The Impact for Access project funded by the SFC set the following outcomes for nursing and midwifery:
- increase the retention and completion rates in nursing and midwifery
- improve the gender balance across all fields of nursing
- increase regional collaboration between universities across all fields of nursing and midwifery provision
- increase collaboration with Scotland's Colleges to strengthen access and articulation into pre-registration programmes.
The observations and recommendations delivered in this final report of the Commission will, we believe, enable progress to be made across all of these areas.
Scotland faces challenges in recruiting to nursing and midwifery education and careers. It is not alone in this regard – as the rapid review of UK and international literature requested by the Commission shows, many countries find themselves in similar situations. But the fact that the problems are common, and that many of them are very challenging to face down, does not provide an excuse not to confront them. That is why CNO set up the Commission, and it typifies the spirit in which the Commission set about its task.
This final report summarises the Commission's observations and recommendations, based on the relevant information and evidence regarding access to nursing and midwifery education and careers it has gathered. It reflects the views of a wide range of stakeholders and identifies key areas in which action is required to widen participation in nursing and midwifery education and careers now and in the future.
Action in this area requires partnership-working to produce national, flexible and transferable education solutions. The shared aim of CNO and all involved in the Commission's processes is to achieve a highly skilled, ambitious and sustainable nursing and midwifery workforce that is responsive to the challenges of providing high-quality, safe and person-centred care for Scotland's communities.
The importance of widening participation in education and careers is not unique to nursing and midwifery, and some transferable issues and learning exists across healthcare and other professions. It will remain important to channel and maximise impacts and learning from approaches to widening participation in education and employment generally as we progress.
There are many areas relevant to widening participation in nursing and midwifery education and careers that for logistical and practical reasons, the Commission has been unable to address in detail. These include issues as diverse as the impact of Brexit, specific measures to support people with disabilities and those from ethnic minority communities, the ongoing fitness for purpose of some existing routes, and the availability of broadband access throughout Scotland (which presents a barrier to those wishing to study by distance or online learning means). Each of these highly relevant issues, and others, will undoubtedly be addressed through wider mechanisms in place now and in the future that focus on developing social, economic, employment, health and education policy and practice in Scotland. Implementation of the Commission's recommendations will also have a positive impact on these issues moving forward.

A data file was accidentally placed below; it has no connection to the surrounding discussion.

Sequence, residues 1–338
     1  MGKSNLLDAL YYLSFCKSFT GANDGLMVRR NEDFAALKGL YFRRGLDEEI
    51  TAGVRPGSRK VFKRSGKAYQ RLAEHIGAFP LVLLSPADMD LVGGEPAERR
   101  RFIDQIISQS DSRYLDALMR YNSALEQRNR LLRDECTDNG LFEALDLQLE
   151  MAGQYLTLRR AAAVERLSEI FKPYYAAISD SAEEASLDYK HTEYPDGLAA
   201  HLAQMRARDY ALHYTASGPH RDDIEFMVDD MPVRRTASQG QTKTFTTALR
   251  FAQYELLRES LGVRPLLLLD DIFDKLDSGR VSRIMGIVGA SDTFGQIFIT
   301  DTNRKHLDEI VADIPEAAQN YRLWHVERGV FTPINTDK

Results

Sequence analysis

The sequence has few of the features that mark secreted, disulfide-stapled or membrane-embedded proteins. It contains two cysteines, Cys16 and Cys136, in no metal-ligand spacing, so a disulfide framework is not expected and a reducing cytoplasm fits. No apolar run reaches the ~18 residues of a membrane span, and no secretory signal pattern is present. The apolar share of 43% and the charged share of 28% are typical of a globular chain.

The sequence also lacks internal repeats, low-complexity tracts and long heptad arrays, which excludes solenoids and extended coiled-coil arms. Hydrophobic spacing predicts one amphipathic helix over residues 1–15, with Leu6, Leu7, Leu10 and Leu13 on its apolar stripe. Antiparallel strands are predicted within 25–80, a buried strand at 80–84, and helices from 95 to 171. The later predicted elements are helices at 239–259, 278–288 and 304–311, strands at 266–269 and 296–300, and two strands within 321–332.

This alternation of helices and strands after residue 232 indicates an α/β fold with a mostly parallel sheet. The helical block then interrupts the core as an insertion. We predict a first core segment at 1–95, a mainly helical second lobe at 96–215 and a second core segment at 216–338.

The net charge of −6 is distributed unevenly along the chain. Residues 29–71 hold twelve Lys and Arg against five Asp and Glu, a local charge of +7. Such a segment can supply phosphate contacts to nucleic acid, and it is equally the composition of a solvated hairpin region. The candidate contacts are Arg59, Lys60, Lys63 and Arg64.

In addition, some of the areas in which we have been able to focus attention and suggest actions – such as the gendered nature of nursing and midwifery and the status and future contribution of the care home sector to nursing and midwifery education and careers – demand much greater specific focus and tailored actions. And the question of how nursing develops as a graduate profession from the moment of students' first interaction with their HEI programmes throughout their postgraduate careers and research activity – the concept of graduateness – needs to be teased out further.
The Commission has nevertheless been able to process a great deal of information and evidence over a relatively short period of time. This has enabled it to produce what we believe are observations and recommendations that will have an impact in this area. They are set within a positive narrative of achievement in Scotland. Scotland has led the way in many areas, such as developing the nursing and midwifery workload and workforce planning tools and putting in place measures to help support workers, and these initiatives have been replicated in the UK and elsewhere. The appointment of the Commission is in itself a positive development, signalling a willingness to identify and act on perceived challenges with confidence and transparency.
CNO needs to ensure that evidence of the impact of actions based on the Commission's observations and recommendations can be collected, so that each action can be reviewed in a few years' time. Some mechanisms for collecting evidence of impact already exist, while others may have to be created. The key principle, though, is that without evidence, incorrect assumptions about effects might be made.
The aim of the Commission has been to build on what is working well in Scotland, develop it if possible, and change what is not working well. Action on its observations and recommendations will, the Commission feels, achieve that aim, and is vital to the future of the nursing and midwifery workforce and the wider design and delivery of health and social care services in Scotland.